State says San Bernardino mishandled over $500M
SAN BERNARDINO, Calif. (AP) — San Bernardino failed to transfer more than $500 million in redevelopment funds, California's controller said in a report ordering the bankrupt city to pay properly.
The city illegally moved $108.3 million to the San Bernardino Economic Development Corp., which is an entity under the city's control, and is wrongly holding onto another $420.5 million, according to the report state Controller John Chiang released Wednesday.
The state last year dissolved its local redevelopment agencies, about 400 in all, which were used by cities to generate funds for betterment projects using property tax revenue. The cities were required to transfer the funds to so-called "successor agencies" responsible for completing existing projects, clearing out debt and dispersing excess cash to core public services.
San Bernardino should have given all of the $529 million to its successor agency, and the report says the city is now "ordered to transfer these assets."
"I'm working to make sure redevelopment assets go where they belong,"
In a letter responding to a November draft of the report, City Manager Andrea Travis-Miller said the allegations were false and the nonprofit San Bernardino Economic Development Corp. was not under the city's control.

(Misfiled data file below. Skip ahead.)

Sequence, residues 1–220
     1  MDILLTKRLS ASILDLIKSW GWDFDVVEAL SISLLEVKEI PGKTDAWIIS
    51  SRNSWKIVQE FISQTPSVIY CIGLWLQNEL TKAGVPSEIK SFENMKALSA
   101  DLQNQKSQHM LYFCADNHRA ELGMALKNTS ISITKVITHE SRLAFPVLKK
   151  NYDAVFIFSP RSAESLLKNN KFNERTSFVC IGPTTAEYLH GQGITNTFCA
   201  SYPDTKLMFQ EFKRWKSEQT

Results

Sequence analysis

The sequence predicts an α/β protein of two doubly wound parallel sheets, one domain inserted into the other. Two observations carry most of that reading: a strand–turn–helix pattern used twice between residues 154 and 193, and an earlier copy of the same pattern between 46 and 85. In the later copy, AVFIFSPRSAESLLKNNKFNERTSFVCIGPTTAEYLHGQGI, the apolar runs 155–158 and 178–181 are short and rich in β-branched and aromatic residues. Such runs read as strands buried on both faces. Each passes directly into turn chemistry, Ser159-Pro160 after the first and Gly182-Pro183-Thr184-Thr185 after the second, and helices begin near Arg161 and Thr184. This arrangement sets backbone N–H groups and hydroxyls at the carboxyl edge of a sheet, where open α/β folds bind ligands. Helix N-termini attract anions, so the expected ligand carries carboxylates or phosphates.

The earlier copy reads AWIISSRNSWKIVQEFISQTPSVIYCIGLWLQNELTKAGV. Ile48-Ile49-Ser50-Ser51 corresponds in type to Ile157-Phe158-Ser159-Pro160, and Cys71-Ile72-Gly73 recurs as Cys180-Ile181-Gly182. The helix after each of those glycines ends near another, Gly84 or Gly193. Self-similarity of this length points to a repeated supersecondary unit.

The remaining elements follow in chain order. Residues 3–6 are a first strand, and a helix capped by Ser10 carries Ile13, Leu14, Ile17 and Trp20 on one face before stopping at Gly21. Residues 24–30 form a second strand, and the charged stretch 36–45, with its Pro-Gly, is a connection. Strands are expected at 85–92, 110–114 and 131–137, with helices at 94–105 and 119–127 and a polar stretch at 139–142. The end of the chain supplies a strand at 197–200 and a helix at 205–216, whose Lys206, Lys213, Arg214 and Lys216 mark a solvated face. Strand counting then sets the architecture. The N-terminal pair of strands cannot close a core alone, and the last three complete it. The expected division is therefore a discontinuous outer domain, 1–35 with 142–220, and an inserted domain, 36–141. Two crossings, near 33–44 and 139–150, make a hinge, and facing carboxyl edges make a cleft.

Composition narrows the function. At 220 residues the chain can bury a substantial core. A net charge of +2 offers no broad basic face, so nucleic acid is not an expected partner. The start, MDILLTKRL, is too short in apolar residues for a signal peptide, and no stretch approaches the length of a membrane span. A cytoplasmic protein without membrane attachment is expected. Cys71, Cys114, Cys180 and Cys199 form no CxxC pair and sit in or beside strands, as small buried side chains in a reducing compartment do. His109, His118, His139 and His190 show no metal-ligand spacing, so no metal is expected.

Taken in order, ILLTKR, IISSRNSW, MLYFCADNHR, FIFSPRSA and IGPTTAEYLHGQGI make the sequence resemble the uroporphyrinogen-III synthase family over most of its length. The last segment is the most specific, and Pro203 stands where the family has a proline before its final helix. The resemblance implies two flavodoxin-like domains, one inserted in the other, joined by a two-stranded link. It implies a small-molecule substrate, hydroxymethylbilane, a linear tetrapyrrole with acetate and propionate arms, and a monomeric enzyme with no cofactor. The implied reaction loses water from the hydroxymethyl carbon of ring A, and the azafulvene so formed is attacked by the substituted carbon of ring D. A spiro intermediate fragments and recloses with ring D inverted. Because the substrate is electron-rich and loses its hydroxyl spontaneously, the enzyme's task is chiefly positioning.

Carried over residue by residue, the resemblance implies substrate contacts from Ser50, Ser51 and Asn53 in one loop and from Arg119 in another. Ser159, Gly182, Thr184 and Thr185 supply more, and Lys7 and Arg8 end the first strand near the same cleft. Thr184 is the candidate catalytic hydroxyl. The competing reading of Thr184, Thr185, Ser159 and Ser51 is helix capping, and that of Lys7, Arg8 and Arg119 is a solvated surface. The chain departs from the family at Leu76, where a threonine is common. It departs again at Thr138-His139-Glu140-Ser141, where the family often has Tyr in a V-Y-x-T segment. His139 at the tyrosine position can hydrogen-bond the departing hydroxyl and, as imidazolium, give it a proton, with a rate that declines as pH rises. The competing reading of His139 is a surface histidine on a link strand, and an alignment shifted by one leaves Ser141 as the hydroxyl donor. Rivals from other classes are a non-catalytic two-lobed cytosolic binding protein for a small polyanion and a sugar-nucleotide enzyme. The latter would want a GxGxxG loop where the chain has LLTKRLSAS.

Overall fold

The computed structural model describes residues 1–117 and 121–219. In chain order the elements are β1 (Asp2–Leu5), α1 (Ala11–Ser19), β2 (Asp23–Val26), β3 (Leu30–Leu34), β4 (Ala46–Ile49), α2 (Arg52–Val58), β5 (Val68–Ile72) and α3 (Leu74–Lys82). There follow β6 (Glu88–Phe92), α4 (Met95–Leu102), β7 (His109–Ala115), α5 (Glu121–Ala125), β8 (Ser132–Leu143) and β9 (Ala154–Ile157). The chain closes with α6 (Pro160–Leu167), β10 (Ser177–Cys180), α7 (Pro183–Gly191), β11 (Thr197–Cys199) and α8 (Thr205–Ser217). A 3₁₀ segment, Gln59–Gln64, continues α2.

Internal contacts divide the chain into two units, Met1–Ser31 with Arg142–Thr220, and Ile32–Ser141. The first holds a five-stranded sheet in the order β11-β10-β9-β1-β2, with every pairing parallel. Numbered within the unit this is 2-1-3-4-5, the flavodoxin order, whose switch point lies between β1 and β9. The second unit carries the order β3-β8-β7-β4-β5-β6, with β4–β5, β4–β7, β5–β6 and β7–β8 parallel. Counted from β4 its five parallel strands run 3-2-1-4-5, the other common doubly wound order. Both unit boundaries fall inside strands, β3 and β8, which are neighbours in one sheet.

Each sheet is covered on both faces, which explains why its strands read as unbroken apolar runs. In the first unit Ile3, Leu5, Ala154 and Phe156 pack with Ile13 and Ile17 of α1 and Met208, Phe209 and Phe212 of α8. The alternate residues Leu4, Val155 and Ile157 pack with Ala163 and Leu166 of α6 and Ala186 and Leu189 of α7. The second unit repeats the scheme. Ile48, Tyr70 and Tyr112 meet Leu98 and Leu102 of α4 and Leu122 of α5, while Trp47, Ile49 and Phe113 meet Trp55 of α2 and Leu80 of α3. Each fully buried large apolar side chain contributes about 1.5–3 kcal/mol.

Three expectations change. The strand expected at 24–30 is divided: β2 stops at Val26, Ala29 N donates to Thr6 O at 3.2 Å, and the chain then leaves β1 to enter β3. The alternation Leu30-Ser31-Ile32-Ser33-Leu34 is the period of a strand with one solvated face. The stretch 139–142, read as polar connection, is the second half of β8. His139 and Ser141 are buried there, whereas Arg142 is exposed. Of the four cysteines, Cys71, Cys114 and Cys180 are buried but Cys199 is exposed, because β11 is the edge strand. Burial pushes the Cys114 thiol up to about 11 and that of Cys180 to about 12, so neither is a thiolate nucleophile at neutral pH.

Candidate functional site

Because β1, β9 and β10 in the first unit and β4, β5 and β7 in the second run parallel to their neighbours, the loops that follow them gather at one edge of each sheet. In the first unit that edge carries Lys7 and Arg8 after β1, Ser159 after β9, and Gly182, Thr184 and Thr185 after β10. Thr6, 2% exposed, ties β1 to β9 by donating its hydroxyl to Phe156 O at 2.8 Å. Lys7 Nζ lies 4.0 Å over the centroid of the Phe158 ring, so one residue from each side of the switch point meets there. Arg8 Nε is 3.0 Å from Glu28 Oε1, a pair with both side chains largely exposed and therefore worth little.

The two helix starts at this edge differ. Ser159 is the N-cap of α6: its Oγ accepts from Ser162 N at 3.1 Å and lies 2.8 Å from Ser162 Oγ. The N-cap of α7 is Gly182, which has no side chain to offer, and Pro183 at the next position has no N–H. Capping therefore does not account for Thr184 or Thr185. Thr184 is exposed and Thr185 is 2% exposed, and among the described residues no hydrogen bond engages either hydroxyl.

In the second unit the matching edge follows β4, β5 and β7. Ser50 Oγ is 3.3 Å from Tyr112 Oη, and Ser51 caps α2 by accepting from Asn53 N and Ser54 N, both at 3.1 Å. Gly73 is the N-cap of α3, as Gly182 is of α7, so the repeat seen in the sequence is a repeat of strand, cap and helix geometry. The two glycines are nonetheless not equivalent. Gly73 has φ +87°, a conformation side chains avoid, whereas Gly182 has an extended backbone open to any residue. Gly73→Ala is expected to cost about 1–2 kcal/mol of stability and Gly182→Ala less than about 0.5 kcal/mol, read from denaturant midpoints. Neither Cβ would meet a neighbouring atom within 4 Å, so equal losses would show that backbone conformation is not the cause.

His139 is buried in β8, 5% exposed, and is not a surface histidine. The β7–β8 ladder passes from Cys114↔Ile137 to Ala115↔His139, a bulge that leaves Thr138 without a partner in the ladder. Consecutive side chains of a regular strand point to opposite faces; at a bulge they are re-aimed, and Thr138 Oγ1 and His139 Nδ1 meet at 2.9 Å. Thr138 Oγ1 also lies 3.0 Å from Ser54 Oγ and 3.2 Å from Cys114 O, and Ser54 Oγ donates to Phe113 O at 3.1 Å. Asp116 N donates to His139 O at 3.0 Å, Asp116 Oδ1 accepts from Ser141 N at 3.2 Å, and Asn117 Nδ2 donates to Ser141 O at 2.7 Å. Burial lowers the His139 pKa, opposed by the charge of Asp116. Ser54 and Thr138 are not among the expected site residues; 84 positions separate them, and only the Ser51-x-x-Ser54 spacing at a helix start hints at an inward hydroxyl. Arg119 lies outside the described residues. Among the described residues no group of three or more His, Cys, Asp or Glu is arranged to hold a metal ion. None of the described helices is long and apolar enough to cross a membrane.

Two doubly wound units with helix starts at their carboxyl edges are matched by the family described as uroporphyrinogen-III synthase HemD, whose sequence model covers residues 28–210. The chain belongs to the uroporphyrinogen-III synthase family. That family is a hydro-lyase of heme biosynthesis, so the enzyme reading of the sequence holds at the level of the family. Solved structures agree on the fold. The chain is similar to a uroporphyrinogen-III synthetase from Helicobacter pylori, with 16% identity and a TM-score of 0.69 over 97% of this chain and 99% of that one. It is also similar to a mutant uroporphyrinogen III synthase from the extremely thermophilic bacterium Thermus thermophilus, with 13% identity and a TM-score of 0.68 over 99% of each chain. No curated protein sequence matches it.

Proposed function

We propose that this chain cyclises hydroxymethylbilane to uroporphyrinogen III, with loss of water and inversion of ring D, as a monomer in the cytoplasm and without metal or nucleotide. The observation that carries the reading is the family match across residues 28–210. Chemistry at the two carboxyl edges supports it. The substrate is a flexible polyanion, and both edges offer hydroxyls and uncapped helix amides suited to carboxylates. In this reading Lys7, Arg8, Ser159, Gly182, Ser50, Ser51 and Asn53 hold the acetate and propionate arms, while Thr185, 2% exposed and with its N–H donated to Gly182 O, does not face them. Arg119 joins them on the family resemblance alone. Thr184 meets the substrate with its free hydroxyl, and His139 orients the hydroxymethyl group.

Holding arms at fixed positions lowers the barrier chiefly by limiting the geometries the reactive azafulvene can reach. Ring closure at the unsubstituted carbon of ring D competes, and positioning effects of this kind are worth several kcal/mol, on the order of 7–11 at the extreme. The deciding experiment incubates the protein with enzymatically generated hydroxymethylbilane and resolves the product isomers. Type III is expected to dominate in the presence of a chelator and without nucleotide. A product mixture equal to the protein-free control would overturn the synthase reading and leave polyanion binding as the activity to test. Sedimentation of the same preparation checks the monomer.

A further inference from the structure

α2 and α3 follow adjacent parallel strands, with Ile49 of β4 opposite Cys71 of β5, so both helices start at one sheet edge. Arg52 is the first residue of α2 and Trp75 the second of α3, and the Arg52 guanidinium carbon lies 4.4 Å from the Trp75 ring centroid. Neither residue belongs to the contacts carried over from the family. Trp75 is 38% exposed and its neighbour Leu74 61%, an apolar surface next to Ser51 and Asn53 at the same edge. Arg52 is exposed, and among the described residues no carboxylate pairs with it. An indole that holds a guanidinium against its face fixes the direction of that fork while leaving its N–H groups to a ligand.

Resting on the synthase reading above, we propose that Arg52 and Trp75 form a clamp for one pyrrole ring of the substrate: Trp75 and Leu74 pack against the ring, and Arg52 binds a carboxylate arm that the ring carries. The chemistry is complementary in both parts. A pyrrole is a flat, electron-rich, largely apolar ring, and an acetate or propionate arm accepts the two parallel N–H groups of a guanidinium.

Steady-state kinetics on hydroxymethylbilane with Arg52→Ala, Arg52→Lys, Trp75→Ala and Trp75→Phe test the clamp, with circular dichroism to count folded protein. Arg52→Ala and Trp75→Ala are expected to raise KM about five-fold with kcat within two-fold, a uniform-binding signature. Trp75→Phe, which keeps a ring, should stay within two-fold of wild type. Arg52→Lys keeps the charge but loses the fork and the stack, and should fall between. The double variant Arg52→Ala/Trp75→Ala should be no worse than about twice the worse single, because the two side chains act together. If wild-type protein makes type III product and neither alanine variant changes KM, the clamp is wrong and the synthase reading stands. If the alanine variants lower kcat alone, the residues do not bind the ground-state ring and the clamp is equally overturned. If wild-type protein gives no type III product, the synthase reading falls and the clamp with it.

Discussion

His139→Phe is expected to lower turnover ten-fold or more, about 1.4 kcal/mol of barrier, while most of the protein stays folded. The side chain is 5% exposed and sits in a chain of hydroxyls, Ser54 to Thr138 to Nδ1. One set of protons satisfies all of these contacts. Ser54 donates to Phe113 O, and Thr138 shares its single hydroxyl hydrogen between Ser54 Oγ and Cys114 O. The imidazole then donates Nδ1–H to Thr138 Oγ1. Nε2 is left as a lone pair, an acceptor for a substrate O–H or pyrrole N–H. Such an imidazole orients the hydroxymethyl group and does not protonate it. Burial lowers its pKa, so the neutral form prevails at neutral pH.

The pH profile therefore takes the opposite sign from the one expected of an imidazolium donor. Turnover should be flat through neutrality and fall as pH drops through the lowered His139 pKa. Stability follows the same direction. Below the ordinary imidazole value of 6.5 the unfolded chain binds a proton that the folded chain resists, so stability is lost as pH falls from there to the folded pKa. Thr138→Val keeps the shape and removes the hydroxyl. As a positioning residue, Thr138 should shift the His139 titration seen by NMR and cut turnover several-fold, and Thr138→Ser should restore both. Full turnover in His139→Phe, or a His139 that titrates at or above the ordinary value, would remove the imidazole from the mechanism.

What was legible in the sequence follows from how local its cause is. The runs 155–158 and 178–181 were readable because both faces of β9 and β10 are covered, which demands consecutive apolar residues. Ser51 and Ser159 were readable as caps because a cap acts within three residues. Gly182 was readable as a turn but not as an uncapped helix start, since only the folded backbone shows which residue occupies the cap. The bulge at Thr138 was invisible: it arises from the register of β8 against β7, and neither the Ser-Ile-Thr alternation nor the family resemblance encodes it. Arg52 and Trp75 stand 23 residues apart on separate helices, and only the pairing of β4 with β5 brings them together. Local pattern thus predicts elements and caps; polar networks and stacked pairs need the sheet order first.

She left her post in January, and the new city manager, Allen Parker, did not immediately return a call from The Associated Press on Thursday.
The city conceded that it transferred the $108 million in assets to the San Bernardino Economic Development Corp. in March 2011 in an attempt to keep it from the state.
But Jim Morris, chief of staff to Mayor Pat Morris, said the move was "completely legal" at the time and later validated in court. Only a year later did the Legislature redefine what kind of transfers were allowed.
"The whole purpose of it was to preserve economic development opportunities for a city that desperately needs it," Morris told the Riverside Press-Enterprise.
City Council members plan to meet soon to decide how to respond to Chiang.
San Bernardino, located 60 miles east of Los Angeles, filed for bankruptcy protection in August after learning it faced a $46 million deficit.
The City Council is being sued by a long list of creditors and has voted to freeze vacancies in the Police Department and cut the Fire Department.
Assemblyman Mike Morrell, who represents most of San Bernardino, said the new burden may be more than San Bernardino can handle.
"I just wonder if the city has the rest of the money to transfer," Morrell, D-Rancho Cucamonga, told the Press-Enterprise. "It's a lot of money."